SUMMARY AND CONCLUSIONS
The major portion of this work was concerned with raising problems we will encounter as we attempt to grow. No pretense is made that the list is exhaustive, as undoubtedly many, including important ones, were overlooked. Evidence was presented that we are growing and that our long-period rate of growth is no slower than we experienced in the past. Hope and confidence were expressed that we will continue to grow and that we can grow even faster than we have if we are willing to put forth the effort and follow the proper policies. The real questions before us are whether we are willing to put forth the necessary effort, make the necessary sacrifices that growth policy might indicate, and, ultimately, whether we really know the right combination of policies that will bring us the growth which we feel we are capable of achieving.
We saw many areas in which it seems possible to help growth. Yet policies designed to correct different situations could conceivably conflict. Moreover, it is impossible to do everything at once. Either our physical resources are limited, for example, there may not be enough capital to undertake every useful activity or personnel to carry out the activities may be unavailable. In many cases, activity is called for by government. The ability of governments to expand their activities without running into inefficiencies is limited. Therefore, not all the potentially useful solutions can be pursued at any one time. We must pick and choose, devoting our attention to those that appear to be the most promising. To choose correctly is one of the most difficult tasks we face. It is not enough to justify an activity by showing that increased growth will result. It must also be shown that greater growth can be obtained than by using the same resources in any other way (assuming for the moment that growth is what is wanted). It is in this ability to choose the best alternative course of action with our limited means that we show our greatest weakness.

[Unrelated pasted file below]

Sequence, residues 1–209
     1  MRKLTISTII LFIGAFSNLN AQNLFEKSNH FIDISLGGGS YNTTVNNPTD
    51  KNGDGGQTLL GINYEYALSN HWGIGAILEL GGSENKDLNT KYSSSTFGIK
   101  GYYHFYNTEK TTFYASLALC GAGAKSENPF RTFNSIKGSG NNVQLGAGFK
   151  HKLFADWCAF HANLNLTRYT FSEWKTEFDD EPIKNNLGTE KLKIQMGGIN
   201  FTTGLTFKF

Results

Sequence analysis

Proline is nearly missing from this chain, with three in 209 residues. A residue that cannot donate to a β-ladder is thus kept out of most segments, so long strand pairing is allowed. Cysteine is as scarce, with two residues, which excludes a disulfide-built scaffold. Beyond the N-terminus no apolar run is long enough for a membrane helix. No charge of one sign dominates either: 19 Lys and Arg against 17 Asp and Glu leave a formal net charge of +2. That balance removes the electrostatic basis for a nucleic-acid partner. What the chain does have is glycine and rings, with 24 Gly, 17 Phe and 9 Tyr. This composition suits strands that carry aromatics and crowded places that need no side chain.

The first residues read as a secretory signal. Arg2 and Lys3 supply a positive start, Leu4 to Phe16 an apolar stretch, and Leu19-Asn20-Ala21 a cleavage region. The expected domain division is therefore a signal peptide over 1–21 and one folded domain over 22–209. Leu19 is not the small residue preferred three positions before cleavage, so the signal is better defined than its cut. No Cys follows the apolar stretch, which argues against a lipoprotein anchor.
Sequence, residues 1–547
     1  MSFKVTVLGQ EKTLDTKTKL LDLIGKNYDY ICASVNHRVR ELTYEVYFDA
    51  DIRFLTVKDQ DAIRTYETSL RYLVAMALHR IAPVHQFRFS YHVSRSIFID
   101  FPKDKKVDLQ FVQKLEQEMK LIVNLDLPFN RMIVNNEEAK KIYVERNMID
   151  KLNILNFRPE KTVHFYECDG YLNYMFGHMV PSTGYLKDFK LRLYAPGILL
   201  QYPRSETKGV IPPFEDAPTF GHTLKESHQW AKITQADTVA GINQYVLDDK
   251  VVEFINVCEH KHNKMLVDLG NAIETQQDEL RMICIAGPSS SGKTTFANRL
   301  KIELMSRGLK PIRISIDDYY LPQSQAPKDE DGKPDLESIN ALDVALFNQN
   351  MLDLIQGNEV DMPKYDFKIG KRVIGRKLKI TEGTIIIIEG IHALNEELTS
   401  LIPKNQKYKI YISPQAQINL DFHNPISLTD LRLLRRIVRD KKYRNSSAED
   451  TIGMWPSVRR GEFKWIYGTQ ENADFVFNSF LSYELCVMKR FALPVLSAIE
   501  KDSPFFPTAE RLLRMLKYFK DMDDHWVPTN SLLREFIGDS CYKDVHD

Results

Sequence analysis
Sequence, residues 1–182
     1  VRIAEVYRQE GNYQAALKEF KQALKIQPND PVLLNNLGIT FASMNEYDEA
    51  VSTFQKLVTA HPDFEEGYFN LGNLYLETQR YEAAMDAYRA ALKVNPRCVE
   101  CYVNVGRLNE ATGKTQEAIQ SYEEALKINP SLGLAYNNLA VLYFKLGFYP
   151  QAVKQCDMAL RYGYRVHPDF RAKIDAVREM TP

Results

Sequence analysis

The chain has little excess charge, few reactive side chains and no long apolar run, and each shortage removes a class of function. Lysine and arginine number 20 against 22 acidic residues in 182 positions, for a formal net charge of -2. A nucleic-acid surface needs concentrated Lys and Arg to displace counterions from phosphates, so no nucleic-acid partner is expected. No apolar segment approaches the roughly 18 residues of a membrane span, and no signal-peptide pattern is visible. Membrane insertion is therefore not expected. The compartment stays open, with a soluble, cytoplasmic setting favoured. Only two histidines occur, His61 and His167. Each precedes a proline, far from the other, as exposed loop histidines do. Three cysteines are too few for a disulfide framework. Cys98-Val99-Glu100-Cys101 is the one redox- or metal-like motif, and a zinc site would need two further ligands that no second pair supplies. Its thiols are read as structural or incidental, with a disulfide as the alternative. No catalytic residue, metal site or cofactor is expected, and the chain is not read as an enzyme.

To correct this means that further explorations into the theory and principles of economic growth are necessary. Today much effort is being placed on a study of the theory of growth of underdeveloped countries. This is an important endeavor. That the findings will be